“Publishing is also an industry that selectively values a kind of swaggering authenticity that would never capitulate to demands for something so banal as being nice. But authenticity is too often a short hand for callous, aloof, or honest for the purpose of cruelty rather than truth-seeking.” Alana Massey writes about the “niceness” of publishing.
Our own founding editor C. Max Magee is teaming up with our friends at The Bygone Bureau and The Morning News to give a panel discussion at SXSW Interactive 2013 on the future of independent longform writing on the web. If you wanna see the panel make it to Austin, head over the SXSW site to give us your vote. You can register to vote here.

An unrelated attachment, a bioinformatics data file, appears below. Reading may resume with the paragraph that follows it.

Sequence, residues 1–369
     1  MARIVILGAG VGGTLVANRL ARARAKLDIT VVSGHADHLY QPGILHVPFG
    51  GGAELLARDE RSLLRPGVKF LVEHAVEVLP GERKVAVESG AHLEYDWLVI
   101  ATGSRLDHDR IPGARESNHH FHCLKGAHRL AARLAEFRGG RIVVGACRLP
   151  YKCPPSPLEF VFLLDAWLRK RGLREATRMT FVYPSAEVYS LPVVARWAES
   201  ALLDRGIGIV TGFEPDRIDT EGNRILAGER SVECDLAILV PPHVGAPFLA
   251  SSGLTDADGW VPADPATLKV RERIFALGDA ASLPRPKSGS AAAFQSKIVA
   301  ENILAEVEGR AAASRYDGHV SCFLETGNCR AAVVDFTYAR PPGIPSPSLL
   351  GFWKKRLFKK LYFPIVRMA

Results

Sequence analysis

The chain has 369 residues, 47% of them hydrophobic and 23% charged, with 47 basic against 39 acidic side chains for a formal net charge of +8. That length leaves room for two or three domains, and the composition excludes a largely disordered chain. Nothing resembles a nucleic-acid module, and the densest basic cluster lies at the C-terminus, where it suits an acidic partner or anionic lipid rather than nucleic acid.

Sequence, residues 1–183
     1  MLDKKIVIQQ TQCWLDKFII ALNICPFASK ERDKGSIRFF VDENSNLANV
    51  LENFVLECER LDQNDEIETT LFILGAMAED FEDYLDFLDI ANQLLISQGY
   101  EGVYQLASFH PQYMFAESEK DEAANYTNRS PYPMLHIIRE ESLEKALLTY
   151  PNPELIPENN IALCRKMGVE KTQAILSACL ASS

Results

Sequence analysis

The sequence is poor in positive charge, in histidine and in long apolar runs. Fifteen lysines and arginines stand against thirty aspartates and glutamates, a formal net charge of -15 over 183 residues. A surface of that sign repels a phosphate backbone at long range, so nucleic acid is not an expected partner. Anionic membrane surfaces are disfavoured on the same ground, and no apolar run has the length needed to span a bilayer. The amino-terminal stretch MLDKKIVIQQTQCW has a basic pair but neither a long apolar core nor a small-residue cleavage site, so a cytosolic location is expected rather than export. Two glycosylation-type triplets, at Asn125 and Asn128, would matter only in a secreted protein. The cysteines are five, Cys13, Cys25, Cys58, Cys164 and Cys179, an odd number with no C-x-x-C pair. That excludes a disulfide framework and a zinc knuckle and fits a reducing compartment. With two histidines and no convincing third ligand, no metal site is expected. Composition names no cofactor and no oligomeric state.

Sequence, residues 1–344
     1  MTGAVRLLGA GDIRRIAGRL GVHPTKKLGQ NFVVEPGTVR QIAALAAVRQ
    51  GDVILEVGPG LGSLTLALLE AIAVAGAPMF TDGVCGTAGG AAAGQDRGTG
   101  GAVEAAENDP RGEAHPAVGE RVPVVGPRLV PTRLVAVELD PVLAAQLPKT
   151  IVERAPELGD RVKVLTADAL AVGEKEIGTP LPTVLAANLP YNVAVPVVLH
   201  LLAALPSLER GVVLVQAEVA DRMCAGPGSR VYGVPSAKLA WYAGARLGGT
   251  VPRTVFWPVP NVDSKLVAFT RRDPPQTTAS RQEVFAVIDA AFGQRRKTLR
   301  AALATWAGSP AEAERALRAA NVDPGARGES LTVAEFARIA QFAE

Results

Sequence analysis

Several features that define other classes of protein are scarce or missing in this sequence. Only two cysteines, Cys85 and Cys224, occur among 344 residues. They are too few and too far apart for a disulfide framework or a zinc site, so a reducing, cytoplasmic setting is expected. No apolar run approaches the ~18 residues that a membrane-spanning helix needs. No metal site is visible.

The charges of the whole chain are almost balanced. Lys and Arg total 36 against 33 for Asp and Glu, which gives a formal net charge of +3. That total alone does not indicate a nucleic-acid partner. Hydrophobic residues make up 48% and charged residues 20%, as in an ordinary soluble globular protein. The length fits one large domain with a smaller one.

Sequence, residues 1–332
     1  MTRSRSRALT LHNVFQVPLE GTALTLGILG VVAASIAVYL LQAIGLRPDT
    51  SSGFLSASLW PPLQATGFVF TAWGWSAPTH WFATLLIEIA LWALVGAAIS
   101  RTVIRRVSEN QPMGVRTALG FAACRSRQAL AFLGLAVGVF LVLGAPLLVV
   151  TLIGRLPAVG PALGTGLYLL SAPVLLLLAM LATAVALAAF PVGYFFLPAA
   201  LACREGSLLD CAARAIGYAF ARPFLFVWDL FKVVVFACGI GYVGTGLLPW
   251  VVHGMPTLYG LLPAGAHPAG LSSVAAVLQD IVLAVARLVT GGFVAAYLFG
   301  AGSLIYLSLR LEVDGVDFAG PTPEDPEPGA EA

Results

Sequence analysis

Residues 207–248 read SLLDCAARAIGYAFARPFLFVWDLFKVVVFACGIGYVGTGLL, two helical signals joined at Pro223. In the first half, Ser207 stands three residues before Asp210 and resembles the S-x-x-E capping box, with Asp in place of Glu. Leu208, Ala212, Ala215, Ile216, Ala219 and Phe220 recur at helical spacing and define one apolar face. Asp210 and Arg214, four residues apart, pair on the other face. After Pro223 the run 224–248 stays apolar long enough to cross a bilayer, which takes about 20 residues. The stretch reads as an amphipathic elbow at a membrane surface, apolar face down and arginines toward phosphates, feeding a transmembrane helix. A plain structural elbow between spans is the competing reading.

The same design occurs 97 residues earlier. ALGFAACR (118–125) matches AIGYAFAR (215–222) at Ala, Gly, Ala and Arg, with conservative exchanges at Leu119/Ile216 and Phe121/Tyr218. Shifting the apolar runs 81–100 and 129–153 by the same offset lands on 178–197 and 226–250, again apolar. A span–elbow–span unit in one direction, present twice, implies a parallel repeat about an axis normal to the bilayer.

To honor Peter Matthiessen, who passed away over the weekend, The New Yorker unlocked part of one of the author’s best pieces of travel writing. The piece, titled “The Last Wilderness,” follows Matthiessen as he travels down the Amazon River. (His last novel comes out this week, as well.)
Another big week for books is headlined by Michael Chabon’s Telegraph Avenue (the book’s opening lines) and Junot Díaz’s This Is How You Lose Her. Also out are Susan Straight’s Between Heaven and Here, touted debuts The People of Forever Are Not Afraid by Shani Boianjiu and The Yellow Birds by Kevin Powers, How Music Works by Talking Heads frontman David Byrne, and Bob Woodward’s latest Beltway tick-tock The Price of Politics.